Upregulation of myeloid cell leukemia-1 potentially modulates beclin-1-dependent autophagy in ischemic stroke in rats.BMC Neurosci 2013; 14:56BN
The mechanisms that underlie autophagy in cerebral ischemia remain poorly defined. Myeloid cell leukemia-1 (Mcl1), an anti-apoptotic member of the Bcl-2 family of proteins, regulates the balance between autophagy and apoptosis. However, little is known regarding its expression profile and contribution to cell fate in the brain following ischemic stroke.
In this study, we investigated the expression profile and cellular distribution of Mcl1 in brains from transient middle cerebral artery occlusion (MCAO) model rats. Brain slices from sham-operated control rats showed minimal immunoreactivity for Mcl1. Mcl1 was mainly produced in neurons. Immunoreactivity for Mcl1 increased as early as 4 hours after MCAO, peaked at 24 hours, and then declined, but still remained high, at 72 hours. Mcl1 positive cells never colocalized with either cleaved caspase-3 or terminal deoxynucleotidyl transferase-mediated dUTP nick-end labeling-positive cells. Both microtubule-associated protein 1 light chain 3 (LC3) and beclin-1 were evident in ischemic brain between 4 and 72 hours after MCAO. Most cells with strong LC3 staining were also labeled with beclin-1. Beclin-1 did colocalize with caspase-3 or Mcl1. Beclin-1/caspase-3 positive cells displayed the characteristic features of apoptosis including cell shrinkage and pyknotic nuclei, whereas beclin-1/Mcl1 positive cells had normal morphology. Pretreatment with 3-methyladenine attenuated autophagy without affecting the level of Mcl1 protein.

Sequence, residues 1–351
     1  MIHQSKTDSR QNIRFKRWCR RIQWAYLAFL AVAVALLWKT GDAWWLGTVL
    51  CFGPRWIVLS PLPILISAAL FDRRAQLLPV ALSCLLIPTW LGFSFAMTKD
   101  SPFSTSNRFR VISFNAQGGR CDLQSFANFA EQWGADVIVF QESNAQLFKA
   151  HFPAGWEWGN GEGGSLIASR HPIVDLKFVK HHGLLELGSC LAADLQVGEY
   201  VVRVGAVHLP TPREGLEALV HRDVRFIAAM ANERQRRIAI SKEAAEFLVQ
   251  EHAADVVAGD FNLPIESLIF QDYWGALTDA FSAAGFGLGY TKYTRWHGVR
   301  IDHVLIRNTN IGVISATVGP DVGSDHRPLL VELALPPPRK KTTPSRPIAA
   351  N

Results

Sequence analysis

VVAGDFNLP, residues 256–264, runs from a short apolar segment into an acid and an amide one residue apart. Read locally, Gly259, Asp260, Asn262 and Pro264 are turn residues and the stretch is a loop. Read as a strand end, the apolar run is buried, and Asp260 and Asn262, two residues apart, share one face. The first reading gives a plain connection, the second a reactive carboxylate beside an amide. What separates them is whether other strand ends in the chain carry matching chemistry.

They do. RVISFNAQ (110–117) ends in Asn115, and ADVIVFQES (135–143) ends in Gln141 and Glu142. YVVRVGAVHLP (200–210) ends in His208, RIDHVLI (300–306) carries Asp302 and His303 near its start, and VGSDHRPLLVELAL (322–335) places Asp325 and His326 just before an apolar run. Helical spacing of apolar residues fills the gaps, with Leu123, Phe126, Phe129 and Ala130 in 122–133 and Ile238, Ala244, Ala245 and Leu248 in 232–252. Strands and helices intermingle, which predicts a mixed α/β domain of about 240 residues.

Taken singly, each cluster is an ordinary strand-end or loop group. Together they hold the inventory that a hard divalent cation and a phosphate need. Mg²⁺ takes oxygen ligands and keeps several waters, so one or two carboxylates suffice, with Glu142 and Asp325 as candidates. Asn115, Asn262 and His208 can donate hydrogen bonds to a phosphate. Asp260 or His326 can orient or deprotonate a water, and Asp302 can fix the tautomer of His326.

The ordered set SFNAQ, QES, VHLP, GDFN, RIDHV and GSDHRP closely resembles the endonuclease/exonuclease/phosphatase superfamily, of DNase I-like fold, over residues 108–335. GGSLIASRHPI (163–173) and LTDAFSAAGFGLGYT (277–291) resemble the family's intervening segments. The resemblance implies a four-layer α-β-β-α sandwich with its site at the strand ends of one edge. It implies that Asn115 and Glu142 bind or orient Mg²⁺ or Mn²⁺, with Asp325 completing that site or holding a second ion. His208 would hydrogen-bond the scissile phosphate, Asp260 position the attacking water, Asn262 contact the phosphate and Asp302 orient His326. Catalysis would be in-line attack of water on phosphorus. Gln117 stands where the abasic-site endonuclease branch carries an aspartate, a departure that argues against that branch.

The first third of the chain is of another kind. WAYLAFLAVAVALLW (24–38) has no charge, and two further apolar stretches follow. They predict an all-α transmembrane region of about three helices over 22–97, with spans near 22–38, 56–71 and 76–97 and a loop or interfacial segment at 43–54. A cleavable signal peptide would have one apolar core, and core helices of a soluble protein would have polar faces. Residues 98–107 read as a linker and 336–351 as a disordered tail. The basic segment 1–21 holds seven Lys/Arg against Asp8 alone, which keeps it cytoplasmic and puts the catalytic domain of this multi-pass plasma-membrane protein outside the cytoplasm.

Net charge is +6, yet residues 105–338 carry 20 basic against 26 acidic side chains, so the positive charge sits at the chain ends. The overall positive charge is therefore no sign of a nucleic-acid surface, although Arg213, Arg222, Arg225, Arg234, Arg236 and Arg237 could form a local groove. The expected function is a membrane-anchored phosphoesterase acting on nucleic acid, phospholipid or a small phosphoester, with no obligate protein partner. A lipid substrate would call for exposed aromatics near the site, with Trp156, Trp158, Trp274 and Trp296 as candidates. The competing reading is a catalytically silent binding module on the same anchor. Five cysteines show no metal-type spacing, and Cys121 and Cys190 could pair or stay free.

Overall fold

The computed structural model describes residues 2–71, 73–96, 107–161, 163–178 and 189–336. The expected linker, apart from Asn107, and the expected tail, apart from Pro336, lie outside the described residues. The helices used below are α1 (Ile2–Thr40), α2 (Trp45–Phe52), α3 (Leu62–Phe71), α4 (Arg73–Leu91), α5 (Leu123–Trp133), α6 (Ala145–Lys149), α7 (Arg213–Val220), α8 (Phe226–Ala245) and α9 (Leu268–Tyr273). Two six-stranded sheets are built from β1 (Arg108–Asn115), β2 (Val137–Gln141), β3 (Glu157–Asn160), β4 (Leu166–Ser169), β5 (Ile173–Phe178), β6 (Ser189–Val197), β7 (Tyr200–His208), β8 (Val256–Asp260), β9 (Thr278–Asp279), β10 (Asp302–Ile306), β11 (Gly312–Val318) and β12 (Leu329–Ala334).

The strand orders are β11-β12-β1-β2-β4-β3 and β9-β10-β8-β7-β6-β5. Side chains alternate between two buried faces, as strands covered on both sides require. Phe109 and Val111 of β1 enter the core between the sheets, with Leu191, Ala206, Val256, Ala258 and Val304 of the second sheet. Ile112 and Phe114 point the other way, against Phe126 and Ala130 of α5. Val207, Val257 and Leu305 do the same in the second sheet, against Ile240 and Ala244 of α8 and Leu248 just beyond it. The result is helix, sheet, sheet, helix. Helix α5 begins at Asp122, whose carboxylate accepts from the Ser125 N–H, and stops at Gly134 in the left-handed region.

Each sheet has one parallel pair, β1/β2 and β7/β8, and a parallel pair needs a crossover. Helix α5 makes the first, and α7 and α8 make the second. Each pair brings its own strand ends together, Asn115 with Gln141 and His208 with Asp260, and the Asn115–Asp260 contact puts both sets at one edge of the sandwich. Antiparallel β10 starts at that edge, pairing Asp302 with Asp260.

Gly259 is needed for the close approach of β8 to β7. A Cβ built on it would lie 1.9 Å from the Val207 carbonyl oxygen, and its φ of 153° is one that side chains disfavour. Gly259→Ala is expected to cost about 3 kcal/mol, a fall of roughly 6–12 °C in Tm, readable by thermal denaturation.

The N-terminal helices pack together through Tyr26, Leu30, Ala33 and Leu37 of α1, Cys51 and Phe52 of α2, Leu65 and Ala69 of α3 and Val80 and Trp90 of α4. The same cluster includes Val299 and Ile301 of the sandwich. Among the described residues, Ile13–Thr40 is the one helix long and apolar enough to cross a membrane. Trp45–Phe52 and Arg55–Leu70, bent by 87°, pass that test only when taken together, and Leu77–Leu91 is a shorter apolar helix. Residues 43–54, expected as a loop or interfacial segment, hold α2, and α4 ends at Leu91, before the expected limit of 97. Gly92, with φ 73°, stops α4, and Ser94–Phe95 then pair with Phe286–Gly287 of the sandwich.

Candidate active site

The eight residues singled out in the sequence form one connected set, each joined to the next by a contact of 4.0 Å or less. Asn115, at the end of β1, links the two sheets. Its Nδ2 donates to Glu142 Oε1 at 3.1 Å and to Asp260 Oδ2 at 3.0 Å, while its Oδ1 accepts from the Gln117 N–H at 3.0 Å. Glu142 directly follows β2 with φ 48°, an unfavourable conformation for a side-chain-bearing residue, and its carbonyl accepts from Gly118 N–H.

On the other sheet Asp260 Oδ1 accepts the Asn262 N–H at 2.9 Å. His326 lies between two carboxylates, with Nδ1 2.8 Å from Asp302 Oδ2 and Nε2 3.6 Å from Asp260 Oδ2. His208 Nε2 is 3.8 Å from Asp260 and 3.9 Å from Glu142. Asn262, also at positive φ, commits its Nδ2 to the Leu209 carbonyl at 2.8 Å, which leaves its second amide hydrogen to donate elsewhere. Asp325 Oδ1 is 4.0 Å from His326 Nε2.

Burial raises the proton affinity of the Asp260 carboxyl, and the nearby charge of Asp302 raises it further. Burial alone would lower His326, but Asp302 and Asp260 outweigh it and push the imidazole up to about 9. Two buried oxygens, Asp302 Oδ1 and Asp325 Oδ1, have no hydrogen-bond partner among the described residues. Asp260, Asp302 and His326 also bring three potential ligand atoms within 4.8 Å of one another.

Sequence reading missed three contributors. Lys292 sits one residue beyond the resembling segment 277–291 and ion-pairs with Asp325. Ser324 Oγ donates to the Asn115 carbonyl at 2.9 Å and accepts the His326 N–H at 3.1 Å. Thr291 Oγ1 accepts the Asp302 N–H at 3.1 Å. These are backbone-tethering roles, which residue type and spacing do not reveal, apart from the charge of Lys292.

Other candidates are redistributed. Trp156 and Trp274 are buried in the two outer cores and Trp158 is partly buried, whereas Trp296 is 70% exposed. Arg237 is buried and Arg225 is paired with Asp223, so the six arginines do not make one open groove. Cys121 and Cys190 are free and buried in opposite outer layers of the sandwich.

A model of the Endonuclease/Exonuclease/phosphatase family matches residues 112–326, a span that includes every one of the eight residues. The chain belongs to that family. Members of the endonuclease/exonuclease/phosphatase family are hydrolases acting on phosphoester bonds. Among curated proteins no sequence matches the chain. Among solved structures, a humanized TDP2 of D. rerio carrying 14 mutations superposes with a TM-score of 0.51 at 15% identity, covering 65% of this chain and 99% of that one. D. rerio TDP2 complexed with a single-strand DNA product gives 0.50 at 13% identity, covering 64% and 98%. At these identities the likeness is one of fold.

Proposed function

These findings demonstrate that the expression of Mcl1 is involved in the survival of neuronal cells. In addition, the coexpression of Mcl1 with beclin-1 may attenuate beclin-1-dependent autophagy during ischemic stroke in rats.